Hudson Freeze's Bio

Dr. Freeze earned his Ph.D. from the University of California, San Diego in 1976. Subsequently he held fellowships in Biology, Medicine and Neurosciences later joined the faculty at the same institution. In 1988 Dr. Freeze was recruited to Sanford Burnham Prebys.

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N-Glycanase 1 Transcriptionally Regulates Aquaporins Independent of Its Enzymatic Activity.

Tambe MA, Ng BG, Freeze HH

Cell Rep 2019 Dec 24 ;29(13):4620-4631.e4

SLC35A2-CDG: Functional characterization, expanded molecular, clinical, and biochemical phenotypes of 30 unreported Individuals.

Ng BG, Sosicka P, Agadi S, Almannai M, Bacino CA, Barone R, Botto LD, Burton JE, Carlston C, Chung BH, Cohen JS, Coman D, Dipple KM, Dorrani N, Dobyns WB, Elias AF, Epstein L, Gahl WA, Garozzo D, Hammer TB, Haven J, Héron D, Herzog M, Hoganson GE, Hunter JM, Jain M, Juusola J, Lakhani S, Lee H, Lee J, Lewis K, Longo N, Lourenço CM, Mak CCY, McKnight D, Mendelsohn BA, Mignot C, Mirzaa G, Mitchell W, Muhle H, Nelson SF, Olczak M, Palmer CGS, Partikian A, Patterson MC, Pierson TM, Quinonez SC, Regan BM, Ross ME, Guillen Sacoto MJ, Scaglia F, Scheffer IE, Segal D, Singhal NS, Striano P, Sturiale L, Symonds JD, Tang S, Vilain E, Willis M, Wolfe LA, Yang H, Yano S, Powis Z, Suchy SF, Rosenfeld JA, Edmondson AC, Grunewald S, Freeze HH

Hum Mutat 2019 Jul ;40(7):908-925

Pathogenic Variants in Fucokinase Cause a Congenital Disorder of Glycosylation.

Ng BG, Rosenfeld JA, Emrick L, Jain M, Burrage LC, Lee B, Undiagnosed Diseases Network, Craigen WJ, Bearden DR, Graham BH, Freeze HH

Am J Hum Genet 2018 Dec 6 ;103(6):1030-1037

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ALG13-Congenital Disorder of Glycosylation (ALG13-CDG): Updated clinical and molecular review and clinical management guidelines.

Shah R, Eklund EA, Radenkovic S, Sadek M, Shammas I, Verberkmoes S, Ng BG, Freeze HH, Edmondson AC, He M, Kozicz T, Altassan R, Morava E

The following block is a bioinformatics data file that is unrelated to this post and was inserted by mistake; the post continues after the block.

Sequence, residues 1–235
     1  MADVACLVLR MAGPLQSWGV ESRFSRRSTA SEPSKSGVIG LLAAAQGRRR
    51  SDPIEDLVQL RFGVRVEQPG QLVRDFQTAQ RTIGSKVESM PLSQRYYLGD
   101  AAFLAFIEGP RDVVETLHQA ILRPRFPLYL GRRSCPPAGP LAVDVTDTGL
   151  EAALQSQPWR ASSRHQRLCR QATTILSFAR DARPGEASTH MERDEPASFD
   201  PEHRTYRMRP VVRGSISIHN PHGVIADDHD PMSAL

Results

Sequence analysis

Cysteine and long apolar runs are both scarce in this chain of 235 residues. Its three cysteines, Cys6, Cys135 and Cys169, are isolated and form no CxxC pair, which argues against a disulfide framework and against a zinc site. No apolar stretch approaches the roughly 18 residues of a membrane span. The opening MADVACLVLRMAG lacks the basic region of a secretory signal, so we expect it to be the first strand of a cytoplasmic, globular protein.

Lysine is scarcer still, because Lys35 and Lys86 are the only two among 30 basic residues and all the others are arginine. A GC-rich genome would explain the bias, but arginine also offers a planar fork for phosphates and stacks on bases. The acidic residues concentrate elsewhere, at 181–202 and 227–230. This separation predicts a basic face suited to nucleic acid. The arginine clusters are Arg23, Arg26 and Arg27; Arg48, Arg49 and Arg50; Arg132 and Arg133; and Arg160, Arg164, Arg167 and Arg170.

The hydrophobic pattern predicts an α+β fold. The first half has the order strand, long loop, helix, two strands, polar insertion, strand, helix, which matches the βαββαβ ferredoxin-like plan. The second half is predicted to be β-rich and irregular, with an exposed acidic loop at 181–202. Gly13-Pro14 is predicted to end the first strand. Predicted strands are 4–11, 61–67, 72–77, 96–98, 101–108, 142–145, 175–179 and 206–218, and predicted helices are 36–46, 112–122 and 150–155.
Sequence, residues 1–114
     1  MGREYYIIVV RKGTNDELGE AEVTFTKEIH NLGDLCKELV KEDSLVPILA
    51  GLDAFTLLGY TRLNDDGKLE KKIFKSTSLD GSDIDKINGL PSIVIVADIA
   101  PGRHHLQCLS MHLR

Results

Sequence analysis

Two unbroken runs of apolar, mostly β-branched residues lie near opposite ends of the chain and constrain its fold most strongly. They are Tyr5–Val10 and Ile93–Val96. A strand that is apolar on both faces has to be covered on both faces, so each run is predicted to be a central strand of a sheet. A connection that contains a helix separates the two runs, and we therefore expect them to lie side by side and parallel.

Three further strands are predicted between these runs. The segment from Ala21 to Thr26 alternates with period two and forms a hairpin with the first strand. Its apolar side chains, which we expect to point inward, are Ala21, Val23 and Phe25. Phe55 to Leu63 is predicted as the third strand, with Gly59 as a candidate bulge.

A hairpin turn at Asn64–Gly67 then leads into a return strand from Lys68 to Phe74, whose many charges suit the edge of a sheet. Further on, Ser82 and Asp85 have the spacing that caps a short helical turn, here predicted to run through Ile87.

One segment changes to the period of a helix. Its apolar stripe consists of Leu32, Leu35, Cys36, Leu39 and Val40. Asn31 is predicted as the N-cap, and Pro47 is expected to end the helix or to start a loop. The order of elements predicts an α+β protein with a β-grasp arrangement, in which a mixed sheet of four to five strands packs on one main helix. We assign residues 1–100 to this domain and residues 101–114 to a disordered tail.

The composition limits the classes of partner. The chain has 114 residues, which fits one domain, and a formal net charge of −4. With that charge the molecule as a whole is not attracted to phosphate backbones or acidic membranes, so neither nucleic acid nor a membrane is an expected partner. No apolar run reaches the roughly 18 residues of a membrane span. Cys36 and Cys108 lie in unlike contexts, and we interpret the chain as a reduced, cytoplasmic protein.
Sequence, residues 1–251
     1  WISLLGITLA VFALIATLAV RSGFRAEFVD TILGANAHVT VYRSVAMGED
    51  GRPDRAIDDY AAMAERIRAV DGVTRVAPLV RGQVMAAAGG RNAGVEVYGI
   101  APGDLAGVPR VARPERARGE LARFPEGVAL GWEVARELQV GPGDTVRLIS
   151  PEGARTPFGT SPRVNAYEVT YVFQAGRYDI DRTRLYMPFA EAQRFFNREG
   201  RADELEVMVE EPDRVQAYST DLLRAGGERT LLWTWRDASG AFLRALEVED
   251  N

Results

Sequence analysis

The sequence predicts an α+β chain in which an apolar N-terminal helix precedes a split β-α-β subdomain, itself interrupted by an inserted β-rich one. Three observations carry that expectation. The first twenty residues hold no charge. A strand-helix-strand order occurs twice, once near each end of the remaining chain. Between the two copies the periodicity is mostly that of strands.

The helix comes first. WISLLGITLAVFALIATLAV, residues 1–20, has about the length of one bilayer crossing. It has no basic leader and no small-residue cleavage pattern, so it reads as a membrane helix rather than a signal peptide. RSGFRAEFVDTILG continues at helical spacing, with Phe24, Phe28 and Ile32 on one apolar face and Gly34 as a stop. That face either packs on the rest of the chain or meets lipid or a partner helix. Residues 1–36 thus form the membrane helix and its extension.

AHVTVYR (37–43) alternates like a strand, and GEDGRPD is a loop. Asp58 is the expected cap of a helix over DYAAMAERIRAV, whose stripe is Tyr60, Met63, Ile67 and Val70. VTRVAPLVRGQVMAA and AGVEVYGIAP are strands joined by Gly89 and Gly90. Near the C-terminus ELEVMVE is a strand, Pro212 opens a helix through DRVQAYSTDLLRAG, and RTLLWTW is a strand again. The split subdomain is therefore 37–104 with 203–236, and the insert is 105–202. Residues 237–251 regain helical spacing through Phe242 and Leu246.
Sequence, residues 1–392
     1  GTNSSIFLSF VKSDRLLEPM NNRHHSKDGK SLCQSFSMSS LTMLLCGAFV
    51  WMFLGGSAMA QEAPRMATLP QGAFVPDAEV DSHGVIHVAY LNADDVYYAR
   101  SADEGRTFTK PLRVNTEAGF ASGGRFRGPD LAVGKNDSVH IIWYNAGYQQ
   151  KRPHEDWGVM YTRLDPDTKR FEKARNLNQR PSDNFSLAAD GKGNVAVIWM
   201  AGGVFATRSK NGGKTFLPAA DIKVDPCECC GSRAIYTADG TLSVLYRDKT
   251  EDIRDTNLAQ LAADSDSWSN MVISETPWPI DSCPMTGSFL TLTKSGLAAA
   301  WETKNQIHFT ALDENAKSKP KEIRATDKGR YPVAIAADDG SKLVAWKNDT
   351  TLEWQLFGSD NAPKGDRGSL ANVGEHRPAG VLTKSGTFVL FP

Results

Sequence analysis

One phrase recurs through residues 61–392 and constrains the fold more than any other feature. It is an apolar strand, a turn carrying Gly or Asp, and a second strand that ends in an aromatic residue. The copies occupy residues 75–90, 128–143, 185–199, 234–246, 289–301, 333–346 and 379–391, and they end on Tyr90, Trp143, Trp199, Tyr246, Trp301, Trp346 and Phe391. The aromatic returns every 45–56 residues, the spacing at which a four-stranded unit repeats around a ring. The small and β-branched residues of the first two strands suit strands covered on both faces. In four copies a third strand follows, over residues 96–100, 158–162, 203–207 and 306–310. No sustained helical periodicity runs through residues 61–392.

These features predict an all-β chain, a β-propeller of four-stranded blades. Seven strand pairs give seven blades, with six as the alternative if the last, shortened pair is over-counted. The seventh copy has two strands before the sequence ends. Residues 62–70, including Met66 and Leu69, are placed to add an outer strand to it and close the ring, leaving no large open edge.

Mol Genet Metab 2024 Apr 23 ;142(2):108472

Deficient glycan extension and endoplasmic reticulum stresses in ALG3-CDG.

Daniel EJP, Edmondson AC, Argon Y, Alsharhan H, Lam C, Freeze HH, He M

J Inherit Metab Dis 2024 Apr 10 ;

A complement C4-derived glycopeptide is a biomarker for PMM2-CDG.

Garapati K, Budhraja R, Saraswat M, Kim J, Joshi N, Sachdeva GS, Jain A, Ligezka AN, Radenkovic S, Ramarajan MG, Udainiya S, Raymond K, He M, Lam C, Larson A, Edmondson AC, Sarafoglou K, Larson NB, Freeze HH, Schultz MJ, Kozicz T, Morava E, Pandey A

JCI Insight 2024 Apr 8 ;9(7)

Biallelic missense variants in COG3 cause a congenital disorder of glycosylation with impairment of retrograde vesicular trafficking.

Duan R, Marafi D, Xia ZJ, Ng BG, Maroofian R, Sumya FT, Saad AK, Du H, Fatih JM, Hunter JV, Elbendary HM, Baig SM, Abdullah U, Ali Z, Efthymiou S, Murphy D, Mitani T, Withers MA, Jhangiani SN, Coban-Akdemir Z, Calame DG, Pehlivan D, Gibbs RA, Posey JE, Houlden H, Lupashin VV, Zaki MS, Freeze HH, Lupski JR

J Inherit Metab Dis 2023 Nov ;46(6):1195-1205

Beyond genetics: Deciphering the impact of missense variants in CAD deficiency.

Del Caño-Ochoa F, Ng BG, Rubio-Del-Campo A, Mahajan S, Wilson MP, Vilar M, Rymen D, Sánchez-Pintos P, Kenny J, Ley Martos M, Campos T, Wortmann SB, Freeze HH, Ramón-Maiques S

J Inherit Metab Dis 2023 Nov ;46(6):1170-1185

Metabolic clogging of mannose triggers dNTP loss and genomic instability in human cancer cells.

Harada Y, Mizote Y, Suzuki T, Hirayama A, Ikeda S, Nishida M, Hiratsuka T, Ueda A, Imagawa Y, Maeda K, Ohkawa Y, Murai J, Freeze HH, Miyoshi E, Higashiyama S, Udono H, Dohmae N, Tahara H, Taniguchi N

Elife 2023 Jul 18 ;12